There are many different anxiety therapy approaches to helping people with anxiety from cold therapy or breathing techniques to more traditional methods such as medication or talking with a therapist.
Most of them focus on reducing the symptoms or helping in the management of anxiety.
Some of the main talk-based approaches to anxiety therapy are cognitive-behavioural therapy (CBT), interpersonal therapy (IPT), psychodynamic psychotherapy, and exposure therapy. These all help deal with the thought aspect of anxiety.
As most people know, anxiety can be caused or intensified by our thinking.
But few people are aware that the reverse is ALSO TRUE - meaning that when our bodies/physiology is in a fear based response (fight or flight), our thoughts will shift.
Think of it like tapping into a certain frequency - if your body is stuck in stress mode, your mind will produce a stress type of thinking. In these situations, people will find talk-based approaches quite limited.
They will often say things like “I know what I am not meant to be thinking but can't seem to stop it anyway”.
Understanding Anxiety: A Brief Overview
ANXIETY is the inappropriate firing of the 'fight or flight' response due to the accumulation of stress in one's body and mind.
The 3 Most Common Types of Anxiety Therapy:
1. Cognitive-Behavioral Therapy (CBT): Unraveling Anxious Thoughts and Behaviors
Popular, most commonly thought to be most helpful with a psychologist. But limited as only works on your mind and does not address anxiety at the level of the cause (Nervous system). Because it does not address the body adequately, it is limited and so often great for management or less anxiety.
2. Mindfulness-Based Approaches: Present-Moment Awareness for Anxiety Relief
This is great in theory - but what few people understand is that Mindfulness, although seems like a modern, new concept, is just practices that have been taken out of many cultures that have been around for thousands of years, often taught as meditation awareness.
The main challenge here is that, to be mindful aware, one needs to be accessing the prefrontal cortex - which, ironically, is less active when under stress. So when in an anxious state, the reactive (or more primitive) part of the brain is active. This is why lots of people who try to use mindfulness find it ineffective.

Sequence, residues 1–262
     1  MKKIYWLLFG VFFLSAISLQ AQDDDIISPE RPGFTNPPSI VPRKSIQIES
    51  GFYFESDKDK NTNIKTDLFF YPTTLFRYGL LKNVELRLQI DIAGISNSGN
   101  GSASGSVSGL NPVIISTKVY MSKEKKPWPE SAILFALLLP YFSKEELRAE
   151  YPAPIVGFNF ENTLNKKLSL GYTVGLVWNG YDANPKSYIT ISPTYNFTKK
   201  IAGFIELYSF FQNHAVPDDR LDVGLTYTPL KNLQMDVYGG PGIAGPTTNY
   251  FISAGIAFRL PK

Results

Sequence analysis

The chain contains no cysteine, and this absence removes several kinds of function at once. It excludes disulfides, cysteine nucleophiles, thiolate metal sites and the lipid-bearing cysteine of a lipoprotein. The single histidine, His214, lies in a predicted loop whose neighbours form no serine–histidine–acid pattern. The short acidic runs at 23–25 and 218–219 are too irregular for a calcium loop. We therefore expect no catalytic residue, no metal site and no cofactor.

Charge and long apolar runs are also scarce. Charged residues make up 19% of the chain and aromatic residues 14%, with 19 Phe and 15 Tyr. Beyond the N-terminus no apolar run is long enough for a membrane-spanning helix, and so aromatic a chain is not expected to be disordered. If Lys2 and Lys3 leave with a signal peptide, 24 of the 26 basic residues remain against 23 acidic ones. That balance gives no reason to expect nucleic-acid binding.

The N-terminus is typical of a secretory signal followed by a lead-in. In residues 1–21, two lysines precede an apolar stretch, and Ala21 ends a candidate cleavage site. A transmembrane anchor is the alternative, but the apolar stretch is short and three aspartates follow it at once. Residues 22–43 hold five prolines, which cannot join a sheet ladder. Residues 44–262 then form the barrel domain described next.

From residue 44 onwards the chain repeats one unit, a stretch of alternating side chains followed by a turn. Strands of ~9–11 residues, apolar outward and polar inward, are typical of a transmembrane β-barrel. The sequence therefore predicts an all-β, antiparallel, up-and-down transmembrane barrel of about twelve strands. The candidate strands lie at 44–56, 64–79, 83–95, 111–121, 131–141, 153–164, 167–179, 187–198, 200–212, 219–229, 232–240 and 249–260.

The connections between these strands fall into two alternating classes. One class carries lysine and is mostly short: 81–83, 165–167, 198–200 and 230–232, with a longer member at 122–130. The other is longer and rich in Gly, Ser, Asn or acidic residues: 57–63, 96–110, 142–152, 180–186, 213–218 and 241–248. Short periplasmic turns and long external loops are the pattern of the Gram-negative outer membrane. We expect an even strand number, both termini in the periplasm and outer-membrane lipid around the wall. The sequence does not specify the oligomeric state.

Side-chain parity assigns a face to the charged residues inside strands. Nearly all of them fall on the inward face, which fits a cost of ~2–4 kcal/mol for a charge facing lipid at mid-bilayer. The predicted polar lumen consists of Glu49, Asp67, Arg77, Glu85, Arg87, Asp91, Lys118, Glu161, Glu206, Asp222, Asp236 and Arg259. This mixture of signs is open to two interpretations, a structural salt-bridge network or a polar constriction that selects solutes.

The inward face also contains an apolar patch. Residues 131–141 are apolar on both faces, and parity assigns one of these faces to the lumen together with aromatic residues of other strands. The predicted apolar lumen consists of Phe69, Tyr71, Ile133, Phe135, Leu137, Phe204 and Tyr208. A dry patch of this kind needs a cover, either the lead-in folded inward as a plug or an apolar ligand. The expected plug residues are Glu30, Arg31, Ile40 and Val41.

When someones Nervous system is in a more optimally functioning state, then mindfulness can be more helpful.
3. Holistic Approaches: Alternative Techniques to Anxiety Therapy
These can be wonderful, depending on the practitioner and what they do.
I would say it's not the therapy that is most important, but is it effective at addressing anxiety at the level of the cause, which is the Nervous system being under too much stress, triggering the fight or flight response.
Most approaches that use talking don't address the Nervous system and so they are management techniques.
Breathing techniques don't sort out the mental side and are only short-term focused.
Nervous System Approach
In our clinic, we focus on addressing the Nervous system. Our approach would be classified as a Holistic approach, and we work with the Nervous system using NSA or Network Spinal Analysis. This is so effective at helping the body no longer be stuck in the defensive state of too much stress and to stop the brain from having the switch turned on all the time!
We also train the mind - but rather than CBT that works on management strategies, our goal is to to work on the solution and creating a growth mindset.
Because we work on the Nervous system this way, you access more of the prefrontal cortex when the body is in safety - here, it is easier to be mindful; it just kind of happens! People can all of a sudden meditate when previously they said they could not!
Address the cause - the Nervous system.
Work on a growth mindset.
Anxiety, with the right techniques and guidance, can be overcome for most people.